Cannabis Possession Shouldn't Be Counted In Police Performance Targets, LSE Study Says

Police should not count minor drugs possession when measuring their performance so they are not forced to unduly target drug users, a study has found.

The number of cannabis possession offences recorded by police almost doubled between 2004 and 2011, while reported use of the drug fell by a quarter, the London School of Economics study also found, while the number of police stop and searches for drugs more than doubled.

The study, by Dr Michael Shiner, also found stop and searches for stolen goods fell from two-fifths to one fifth of all stop and searches in the same period.

He also identified a surge in police targeting people after cannabis was reclassified a Class C drug in 2004 - something that was reversed in 2009 - because officers also received new powers to issue on-the-spot street warnings and fines, adding this "created a fast-track to achieving targets at a time when police performance was under considerable government scrutiny”.

Dr Shiner's paper, published in The International Journal On Drug Policy, said removing cannabis possession would also help officers focus on more serious crime, rather than be driven to target such minor offences.

It follows commitments from several police forces to not target people who possess small amounts of the drug.

“Many otherwise law-abiding, mainly young, people are still being criminalised to the detriment of their future; and drug policing continues to be disproportionately targeted at minority ethnic communities,” Dr Shiner writes.

“On a more optimistic note, the introduction of cannabis street warnings has inadvertently shown that police behaviour is malleable and responds to incentives.

"Perhaps the best administrative decision that could be made in the short-term is to remove drug possession from police performance indicators. Then we might get a police service that concentrates on crimes that cause most harm.”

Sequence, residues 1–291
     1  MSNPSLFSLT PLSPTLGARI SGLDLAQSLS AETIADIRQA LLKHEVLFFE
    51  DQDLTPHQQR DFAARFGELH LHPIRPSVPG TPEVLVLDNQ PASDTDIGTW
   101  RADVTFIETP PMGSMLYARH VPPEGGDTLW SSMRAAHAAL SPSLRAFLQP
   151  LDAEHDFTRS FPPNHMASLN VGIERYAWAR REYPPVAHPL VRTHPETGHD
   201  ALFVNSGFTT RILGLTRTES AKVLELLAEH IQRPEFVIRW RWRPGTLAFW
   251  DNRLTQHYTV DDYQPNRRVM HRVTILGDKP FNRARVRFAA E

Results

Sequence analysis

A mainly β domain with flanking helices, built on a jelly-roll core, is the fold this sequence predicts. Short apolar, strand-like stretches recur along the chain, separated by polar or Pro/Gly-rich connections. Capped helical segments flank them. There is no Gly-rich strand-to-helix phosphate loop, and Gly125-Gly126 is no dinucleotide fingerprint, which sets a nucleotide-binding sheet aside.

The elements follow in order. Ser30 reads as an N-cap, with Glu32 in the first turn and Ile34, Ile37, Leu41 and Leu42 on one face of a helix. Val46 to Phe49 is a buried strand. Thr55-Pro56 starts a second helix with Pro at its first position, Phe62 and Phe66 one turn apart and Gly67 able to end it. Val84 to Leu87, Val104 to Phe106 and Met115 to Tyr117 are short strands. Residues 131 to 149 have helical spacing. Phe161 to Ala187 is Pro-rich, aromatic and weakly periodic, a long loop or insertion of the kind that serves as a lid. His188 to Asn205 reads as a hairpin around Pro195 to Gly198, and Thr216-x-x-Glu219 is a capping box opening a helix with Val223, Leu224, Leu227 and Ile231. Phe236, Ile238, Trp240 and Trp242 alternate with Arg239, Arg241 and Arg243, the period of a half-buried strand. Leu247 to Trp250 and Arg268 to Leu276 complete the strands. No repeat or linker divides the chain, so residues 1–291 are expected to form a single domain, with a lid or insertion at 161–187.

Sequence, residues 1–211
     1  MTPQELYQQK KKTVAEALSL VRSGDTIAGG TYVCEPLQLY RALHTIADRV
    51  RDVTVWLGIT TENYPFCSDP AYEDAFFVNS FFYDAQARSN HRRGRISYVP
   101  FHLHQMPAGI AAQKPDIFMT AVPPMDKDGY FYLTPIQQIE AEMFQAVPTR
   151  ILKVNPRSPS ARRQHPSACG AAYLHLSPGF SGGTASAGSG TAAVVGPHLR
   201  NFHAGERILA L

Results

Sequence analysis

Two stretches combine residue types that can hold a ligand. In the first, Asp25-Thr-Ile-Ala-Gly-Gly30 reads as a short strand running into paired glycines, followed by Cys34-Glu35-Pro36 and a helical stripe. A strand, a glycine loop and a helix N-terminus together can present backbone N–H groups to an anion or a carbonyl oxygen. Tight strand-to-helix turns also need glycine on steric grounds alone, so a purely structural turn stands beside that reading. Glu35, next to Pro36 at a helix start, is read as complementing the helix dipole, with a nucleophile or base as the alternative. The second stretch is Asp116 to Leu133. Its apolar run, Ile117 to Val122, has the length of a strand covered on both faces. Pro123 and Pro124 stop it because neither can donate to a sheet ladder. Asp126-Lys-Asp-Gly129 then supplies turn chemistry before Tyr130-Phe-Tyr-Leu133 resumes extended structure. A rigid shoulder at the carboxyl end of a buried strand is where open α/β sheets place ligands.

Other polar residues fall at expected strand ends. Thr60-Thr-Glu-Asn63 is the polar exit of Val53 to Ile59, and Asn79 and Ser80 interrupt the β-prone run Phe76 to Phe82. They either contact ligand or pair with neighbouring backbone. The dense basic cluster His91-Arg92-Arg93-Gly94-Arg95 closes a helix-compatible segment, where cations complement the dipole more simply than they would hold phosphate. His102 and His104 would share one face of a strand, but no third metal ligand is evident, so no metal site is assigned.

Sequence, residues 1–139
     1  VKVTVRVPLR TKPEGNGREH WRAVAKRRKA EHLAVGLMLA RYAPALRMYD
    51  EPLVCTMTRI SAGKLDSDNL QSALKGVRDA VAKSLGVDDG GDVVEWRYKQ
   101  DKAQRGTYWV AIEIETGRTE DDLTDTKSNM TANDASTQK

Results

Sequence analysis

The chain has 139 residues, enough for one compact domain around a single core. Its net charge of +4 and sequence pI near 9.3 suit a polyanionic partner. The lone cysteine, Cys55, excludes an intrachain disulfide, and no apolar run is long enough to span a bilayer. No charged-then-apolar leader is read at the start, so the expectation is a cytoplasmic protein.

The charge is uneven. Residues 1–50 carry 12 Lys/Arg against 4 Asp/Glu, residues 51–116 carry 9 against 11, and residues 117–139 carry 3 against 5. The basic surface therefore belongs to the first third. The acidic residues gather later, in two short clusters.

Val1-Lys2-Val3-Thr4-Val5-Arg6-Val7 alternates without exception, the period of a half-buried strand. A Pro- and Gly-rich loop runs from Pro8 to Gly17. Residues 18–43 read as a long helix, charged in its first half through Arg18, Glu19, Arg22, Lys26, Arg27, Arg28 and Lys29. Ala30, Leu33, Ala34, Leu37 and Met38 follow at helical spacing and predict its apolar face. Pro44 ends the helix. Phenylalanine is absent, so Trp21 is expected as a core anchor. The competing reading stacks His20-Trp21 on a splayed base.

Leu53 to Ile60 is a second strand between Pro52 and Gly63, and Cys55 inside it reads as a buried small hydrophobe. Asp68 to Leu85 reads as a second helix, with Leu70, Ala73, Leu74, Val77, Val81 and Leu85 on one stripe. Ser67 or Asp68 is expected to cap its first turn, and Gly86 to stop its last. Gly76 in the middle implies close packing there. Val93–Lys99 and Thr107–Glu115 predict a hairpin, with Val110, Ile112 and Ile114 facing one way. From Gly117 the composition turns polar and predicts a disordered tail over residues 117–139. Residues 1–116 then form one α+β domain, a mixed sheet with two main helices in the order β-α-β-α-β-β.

The potential impact of police performance targets on force priorities was revealed in 2012, when Kent Police was at the centre of a scandal about how its targets were forcing officers to pursue more minor crimes to boost the number of crimes solved.

Ian Pointon, the chairman of Kent Police Federation, said at the time that officers had to alternatively keep crime figures down but the number of solved offences high.

"When we want to reduce crime, (we) deal with simple drug possession in a more pragmatic way - seize the drugs for destruction but use (our) discretion and give a verbal warning," he said.

"It cannot be right that someone in simple possession of cannabis gets a criminal record based on where Kent Police currently sits in its performance cycle."

Police in Durham have said they will not prioritise people who grow a small amount of cannabis

Last month, Durham's police and crime commissioner Ron Hogg said his force would not target people who grow a small amounts of cannabis for their own use.

He said: "In low level cases we say it is better to work with them and put them in a position where they can recover."

Derbyshire, Dorset and Surrey police forces later made commitments of their own to do the same.

In reaction to Mr Hogg's comments, a spokesperson for drugs reform advocates Release told HuffPost UK: "Our research into over 20 jurisdictions around the world has shown that the decriminalisation of personal possession and use does not lead to an increase in prevalence as some fear it will.

"In the UK, we are handing out criminal records to countless numbers of young people for simple possession offences, something which is hugely detrimental to their future employment and education opportunities. This needs to stop."

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